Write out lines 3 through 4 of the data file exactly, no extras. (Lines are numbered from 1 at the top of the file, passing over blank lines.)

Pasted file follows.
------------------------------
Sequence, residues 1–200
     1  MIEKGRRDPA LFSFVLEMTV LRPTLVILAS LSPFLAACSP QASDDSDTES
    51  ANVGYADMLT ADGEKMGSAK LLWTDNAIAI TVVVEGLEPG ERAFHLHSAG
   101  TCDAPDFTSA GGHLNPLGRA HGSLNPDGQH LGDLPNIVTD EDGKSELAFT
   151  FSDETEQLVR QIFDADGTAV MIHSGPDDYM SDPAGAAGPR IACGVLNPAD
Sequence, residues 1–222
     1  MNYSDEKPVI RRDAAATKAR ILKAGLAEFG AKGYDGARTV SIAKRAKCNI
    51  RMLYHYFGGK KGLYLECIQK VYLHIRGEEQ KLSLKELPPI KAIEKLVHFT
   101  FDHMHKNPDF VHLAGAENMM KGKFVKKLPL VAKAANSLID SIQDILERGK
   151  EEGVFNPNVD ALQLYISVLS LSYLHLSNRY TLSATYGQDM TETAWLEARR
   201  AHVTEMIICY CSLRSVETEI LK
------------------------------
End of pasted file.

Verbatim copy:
    51  ANVGYADMLT ADGEKMGSAK LLWTDNAIAI TVVVEGLEPG ERAFHLHSAG
   101  TCDAPDFTSA GGHLNPLGRA HGSLNPDGQH LGDLPNIVTD EDGKSELAFT